- ticket title
- Fighting Rages as Libya Force Pushes Toward Key Western City
- Fractured Tunisian Parliament Moves Toward Agreement on PM
- Merkel Stresses That Europe Has An Interest In Preventing The Escalation Of The Conflict In Libya
- The German Chancellor And The Chinese President Discuss Implementing The Outputs Of The Berlin Conference On Libya
- Chad’s Foreign Minister: The Spread Of Arms And The Worsening Situation In The Sahel Have Been Caused By The Libyan Crisis
18 Feb 2015
Freetown, Sierra Leone – At the end of a seven-day visit to Guinea, Liberia and Sierra Leone, the three epicenter countries of the Ebola outbreak in West Africa, UNDP Administrator Helen Clark said that moving to zero cases of the disease must remain the top priority response to the outbreak.
Helen Clark spent the past week holding discussions with government ministers, UN agency representatives and international partners, and meeting affected communities in the three countries. She left deeply impressed by the critical role communities continue to play in stopping the outbreak.
“Without community engagement and empowerment, the behaviour changes required to stop the outbreak would not have occurred,” she said.
Helen Clark noted that there were significant needs arising from the prolonged crisis which has had wide-ranging economic and social impacts.
Many people have had not had access to essential services – for example, life saving medicines like antiretroviral drugs for people living with HIV, immunisations childbirth support, and education. Many children have been orphaned, and more households are now women-headed. The needs of vulnerable groups need to be prioritized. There has been a disproportionate impact on women which needs to be recognized in the ongoing response to Ebola.
“The UN Secretary-General has tasked UNDP with leading the UN system’s response to the recovery from Ebola”, Helen Clark told reporters at her press conference in Freetown, Sierra Leone, at the end of her visit.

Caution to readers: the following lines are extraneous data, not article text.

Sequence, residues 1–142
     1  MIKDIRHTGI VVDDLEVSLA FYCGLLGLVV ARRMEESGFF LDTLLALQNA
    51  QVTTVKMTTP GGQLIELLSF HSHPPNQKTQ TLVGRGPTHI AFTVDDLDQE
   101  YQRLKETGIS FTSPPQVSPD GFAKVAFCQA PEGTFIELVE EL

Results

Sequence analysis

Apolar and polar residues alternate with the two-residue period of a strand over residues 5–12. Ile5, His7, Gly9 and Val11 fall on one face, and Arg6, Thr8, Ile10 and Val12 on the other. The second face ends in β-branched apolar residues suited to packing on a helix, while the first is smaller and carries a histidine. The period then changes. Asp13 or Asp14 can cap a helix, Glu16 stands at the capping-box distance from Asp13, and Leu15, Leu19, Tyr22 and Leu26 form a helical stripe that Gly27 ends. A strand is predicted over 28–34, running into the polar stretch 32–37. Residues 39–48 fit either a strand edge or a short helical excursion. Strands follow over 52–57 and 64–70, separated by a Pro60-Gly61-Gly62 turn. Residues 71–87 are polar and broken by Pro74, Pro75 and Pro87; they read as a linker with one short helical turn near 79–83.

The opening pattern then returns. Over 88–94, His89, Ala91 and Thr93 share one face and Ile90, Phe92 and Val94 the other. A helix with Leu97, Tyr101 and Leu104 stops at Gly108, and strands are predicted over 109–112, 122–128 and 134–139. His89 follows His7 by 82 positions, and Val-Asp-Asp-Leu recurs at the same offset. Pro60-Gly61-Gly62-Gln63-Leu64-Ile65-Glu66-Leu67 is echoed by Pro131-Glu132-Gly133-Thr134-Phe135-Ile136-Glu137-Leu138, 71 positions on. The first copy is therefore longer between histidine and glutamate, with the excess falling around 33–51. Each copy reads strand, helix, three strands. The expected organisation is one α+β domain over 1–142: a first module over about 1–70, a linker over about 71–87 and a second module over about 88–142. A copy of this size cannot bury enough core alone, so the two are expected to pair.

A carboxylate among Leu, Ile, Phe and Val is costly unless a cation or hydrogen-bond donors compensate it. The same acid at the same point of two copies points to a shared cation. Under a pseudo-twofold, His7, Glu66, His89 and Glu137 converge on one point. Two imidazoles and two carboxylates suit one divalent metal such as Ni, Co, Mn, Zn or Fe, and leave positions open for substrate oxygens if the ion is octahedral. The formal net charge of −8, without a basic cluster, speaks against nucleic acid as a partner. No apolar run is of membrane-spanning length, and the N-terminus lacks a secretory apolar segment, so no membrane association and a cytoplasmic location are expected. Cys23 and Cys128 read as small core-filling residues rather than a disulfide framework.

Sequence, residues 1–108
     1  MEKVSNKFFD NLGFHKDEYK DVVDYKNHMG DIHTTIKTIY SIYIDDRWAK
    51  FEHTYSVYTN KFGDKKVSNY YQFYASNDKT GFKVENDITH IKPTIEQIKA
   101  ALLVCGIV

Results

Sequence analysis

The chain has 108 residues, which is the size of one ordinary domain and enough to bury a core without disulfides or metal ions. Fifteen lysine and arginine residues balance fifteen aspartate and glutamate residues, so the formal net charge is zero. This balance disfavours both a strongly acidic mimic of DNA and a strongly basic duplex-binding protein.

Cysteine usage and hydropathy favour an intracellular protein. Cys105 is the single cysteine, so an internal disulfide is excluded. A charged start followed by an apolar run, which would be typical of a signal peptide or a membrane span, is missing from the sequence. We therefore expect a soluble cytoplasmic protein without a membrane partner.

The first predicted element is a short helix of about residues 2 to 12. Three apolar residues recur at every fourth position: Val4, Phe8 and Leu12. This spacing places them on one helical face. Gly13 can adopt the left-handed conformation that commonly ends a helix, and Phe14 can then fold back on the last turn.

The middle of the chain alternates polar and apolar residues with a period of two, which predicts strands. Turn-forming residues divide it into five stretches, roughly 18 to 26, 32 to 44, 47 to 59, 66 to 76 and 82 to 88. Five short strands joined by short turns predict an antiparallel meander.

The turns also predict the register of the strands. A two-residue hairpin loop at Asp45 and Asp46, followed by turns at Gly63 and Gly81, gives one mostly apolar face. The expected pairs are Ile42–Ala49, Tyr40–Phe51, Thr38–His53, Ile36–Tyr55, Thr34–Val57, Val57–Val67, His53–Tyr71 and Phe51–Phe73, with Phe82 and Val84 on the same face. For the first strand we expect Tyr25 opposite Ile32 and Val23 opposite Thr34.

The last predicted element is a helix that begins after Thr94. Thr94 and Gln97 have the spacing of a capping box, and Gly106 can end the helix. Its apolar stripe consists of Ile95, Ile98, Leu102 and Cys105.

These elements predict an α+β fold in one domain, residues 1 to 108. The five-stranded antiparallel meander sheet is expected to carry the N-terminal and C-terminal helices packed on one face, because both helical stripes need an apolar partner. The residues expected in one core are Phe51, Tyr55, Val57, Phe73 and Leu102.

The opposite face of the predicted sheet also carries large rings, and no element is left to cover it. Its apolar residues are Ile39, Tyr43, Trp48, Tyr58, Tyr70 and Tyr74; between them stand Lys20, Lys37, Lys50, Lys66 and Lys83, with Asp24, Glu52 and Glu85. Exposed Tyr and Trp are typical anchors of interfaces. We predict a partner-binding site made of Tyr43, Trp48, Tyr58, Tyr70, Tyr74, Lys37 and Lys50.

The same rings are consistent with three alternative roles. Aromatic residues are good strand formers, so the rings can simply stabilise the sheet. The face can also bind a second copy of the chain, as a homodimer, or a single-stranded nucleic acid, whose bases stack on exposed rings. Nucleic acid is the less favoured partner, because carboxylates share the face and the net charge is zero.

It is important now for the international community to “stay the course” on stopping the outbreak and on supporting recovery from its consequences. Helen Clark noted that three forthcoming international meetings – in Brussels, Washington DC and New York - each provided a platform for the epicenter countries to articulate their needs now and going forward, and for partners to indicate how they intended to continue to contribute. “It will be important that planning for recovery is closely linked to national development agendas,” she said.
During her time in Sierra Leone, Helen Clark met with President Ernest Bai Koroma to discuss the significant effort still needed to stop Ebola in the country, and his government’s thinking on the road back to development beyond the crisis.
She also met with Ministers, development partners, UN colleagues, and with residents of the Grey Bush and Congo Town informal settlements in Freetown to see how their communities had acted to prevent the spread of Ebola. UNDP has been active in supporting volunteers in these communities to sensitize people on the behavior changes required, and in directing support to people with disabilities.
For photos click here.
For broadcast footage – contact firstname.lastname@example.org
For interview requests/more information – contact: email@example.com +1 646 673 6350